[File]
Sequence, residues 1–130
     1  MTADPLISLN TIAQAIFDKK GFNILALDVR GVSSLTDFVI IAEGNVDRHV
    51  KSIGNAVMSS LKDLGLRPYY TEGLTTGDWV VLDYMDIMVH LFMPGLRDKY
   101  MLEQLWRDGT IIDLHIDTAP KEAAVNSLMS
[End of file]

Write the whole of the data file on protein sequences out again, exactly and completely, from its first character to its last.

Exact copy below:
Sequence, residues 1–130
     1  MTADPLISLN TIAQAIFDKK GFNILALDVR GVSSLTDFVI IAEGNVDRHV
    51  KSIGNAVMSS LKDLGLRPYY TEGLTTGDWV VLDYMDIMVH LFMPGLRDKY
   101  MLEQLWRDGT IIDLHIDTAP KEAAVNSLMS